When you randomly happen to share your art projects on a hot Sunday, and feel like they’re getting more real by the minute. If any of my readers should be interested to know more, get involved (if in Tonga) or help fund raise (anywhere on earth), leave a comment and I’ll get back to you asap! Feel free to share if you like what you read 🙂
It’s also ok to comment about the weather, or just to say something nice about my lovely broken English with a French accent: It’s too hot to get it checked today!
Today is Sunday. It was so hot when I woke up at 7.30 that I couldn’t bear to read in bed for long. Although I do love to read the news in bed, especially in these troubled days in politics (French alert: this weekend we’re voting in the first round of the left wing Primary for our upcoming presidential election). I eventually steered up to turn the fan on, and went back to reading in bed.
But it proved insufficient, and I did what I never do on Sunday: I got up before 8.30. Maybe because my very bad sunburns from the 2.5 hour bike ride yesterday made me so uncomfortable. Or maybe because I could feel this was going to be a productive day. Yes, a productive Sunday in Tonga, in spite of burns that make me want to stay in all week. Continue reading Where it’s too hot to think today, but…
The inner trials of life abroad: when your adopted culture couldn’t care less about what the first article of your nation’s Constitution reads. And it’s your business to accept it and adapt. No one else’s.
Pictured above, the Royal Tombs – and this sign: “forbidden to eat curry”. In my very first days in Tonga, it taught me two essential words: ‘tapu’ as ‘forbidden’ and ‘kale’ as ‘curry’. For those who wonder: I knew ‘kai’ already. It is the same word across the Polynesian world. Isn’t it beautiful? (hint: check this BBC article). It took me a few more days to discover what the Tongans refer to as “curry”. Definitely not something resembling a South Asian dish. Kale moa (chicken curry) is the cheapest dish available in the kingdom, making it a favourite take away order at nearby 24/6 budget restaurant Talahiva.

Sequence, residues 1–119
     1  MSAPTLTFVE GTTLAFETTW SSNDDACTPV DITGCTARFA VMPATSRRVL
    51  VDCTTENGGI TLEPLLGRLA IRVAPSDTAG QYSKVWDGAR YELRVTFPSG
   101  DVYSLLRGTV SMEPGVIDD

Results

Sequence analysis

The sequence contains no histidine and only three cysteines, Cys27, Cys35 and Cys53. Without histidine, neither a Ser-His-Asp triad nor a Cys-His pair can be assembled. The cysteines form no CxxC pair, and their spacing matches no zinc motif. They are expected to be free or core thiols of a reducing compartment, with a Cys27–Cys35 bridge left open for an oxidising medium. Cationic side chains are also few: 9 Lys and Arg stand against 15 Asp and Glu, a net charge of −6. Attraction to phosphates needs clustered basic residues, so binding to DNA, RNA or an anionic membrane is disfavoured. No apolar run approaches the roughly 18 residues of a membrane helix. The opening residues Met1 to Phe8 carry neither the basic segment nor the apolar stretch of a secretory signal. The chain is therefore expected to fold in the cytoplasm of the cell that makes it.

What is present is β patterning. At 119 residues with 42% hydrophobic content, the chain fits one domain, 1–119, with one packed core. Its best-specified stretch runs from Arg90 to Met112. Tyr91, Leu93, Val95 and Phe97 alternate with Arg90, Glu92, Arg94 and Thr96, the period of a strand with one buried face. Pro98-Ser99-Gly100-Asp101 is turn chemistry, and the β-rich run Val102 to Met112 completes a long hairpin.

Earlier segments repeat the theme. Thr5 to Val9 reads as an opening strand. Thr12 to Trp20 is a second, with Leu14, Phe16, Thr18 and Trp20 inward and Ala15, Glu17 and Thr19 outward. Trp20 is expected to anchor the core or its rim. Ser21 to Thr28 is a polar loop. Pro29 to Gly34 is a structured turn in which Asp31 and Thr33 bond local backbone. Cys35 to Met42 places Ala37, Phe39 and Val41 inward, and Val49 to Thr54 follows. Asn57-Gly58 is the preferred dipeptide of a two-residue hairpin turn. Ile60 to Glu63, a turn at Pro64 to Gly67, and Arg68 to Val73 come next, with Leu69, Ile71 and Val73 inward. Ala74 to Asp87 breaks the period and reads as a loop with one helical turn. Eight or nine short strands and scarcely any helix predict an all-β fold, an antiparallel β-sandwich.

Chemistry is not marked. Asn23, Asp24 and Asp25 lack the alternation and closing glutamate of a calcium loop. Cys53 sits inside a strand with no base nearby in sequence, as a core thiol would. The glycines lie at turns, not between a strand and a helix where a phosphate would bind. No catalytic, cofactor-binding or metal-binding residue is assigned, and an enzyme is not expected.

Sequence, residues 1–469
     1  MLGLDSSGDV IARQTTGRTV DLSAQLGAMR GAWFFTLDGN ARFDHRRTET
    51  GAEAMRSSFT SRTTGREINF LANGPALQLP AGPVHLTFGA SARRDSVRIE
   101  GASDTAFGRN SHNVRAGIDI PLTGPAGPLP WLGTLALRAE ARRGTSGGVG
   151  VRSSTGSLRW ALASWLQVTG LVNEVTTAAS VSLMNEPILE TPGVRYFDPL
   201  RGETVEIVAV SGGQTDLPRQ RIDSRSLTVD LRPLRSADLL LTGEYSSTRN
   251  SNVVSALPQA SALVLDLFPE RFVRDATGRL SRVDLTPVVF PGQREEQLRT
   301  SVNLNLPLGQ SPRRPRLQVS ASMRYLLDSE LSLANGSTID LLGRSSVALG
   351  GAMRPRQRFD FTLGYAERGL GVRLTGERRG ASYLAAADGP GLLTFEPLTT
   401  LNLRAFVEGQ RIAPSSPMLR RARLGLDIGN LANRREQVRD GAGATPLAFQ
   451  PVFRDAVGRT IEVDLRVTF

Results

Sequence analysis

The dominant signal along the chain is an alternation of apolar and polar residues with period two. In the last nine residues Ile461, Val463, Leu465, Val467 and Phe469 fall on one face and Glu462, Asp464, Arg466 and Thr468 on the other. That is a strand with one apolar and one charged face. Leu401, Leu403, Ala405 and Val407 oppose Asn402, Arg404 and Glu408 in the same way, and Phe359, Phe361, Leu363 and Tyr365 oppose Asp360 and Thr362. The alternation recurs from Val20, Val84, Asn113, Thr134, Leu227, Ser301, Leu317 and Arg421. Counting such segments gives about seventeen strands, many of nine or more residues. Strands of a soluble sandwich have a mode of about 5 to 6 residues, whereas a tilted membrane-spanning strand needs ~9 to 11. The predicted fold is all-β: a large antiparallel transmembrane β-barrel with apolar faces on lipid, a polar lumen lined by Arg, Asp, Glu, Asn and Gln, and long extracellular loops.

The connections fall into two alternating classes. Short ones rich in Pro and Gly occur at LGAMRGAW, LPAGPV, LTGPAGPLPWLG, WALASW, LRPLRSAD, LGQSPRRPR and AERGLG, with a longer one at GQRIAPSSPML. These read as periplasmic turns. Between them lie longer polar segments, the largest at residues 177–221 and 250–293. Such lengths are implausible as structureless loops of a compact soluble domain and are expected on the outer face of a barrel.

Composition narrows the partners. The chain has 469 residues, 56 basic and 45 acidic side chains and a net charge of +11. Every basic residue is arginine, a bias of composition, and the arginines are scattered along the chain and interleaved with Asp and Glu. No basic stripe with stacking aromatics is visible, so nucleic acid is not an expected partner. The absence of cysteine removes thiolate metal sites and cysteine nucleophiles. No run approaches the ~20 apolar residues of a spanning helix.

One thing leading to another, this sign has always given me the awkward feeling that the poorer eaters were directly targeted by the very particular restriction of this order. This misled feeling likely has everything to do with the excessively specific wording of the prohibition. Needless to say no food at all is permitted on the highly tapu (‘taboo/ sacred’) Royal Tombs ground. Actually, nothing and no one apart from the very few designated caretakers of the tombs is allowed there. A matter of respect to the revered passed kings and queen resting there.
This is but one tiny sample of what is tapu in Tonga. A lot of things are tapu, but let’s stick to what has immediate effects on my experience of what could otherwise be a nice, peaceful Sunday evening in the centre of Nuku’alofa: it is a noisy, boisterous evening. Continue reading Where the most trying moment for my conscience comes every Sunday in Tonga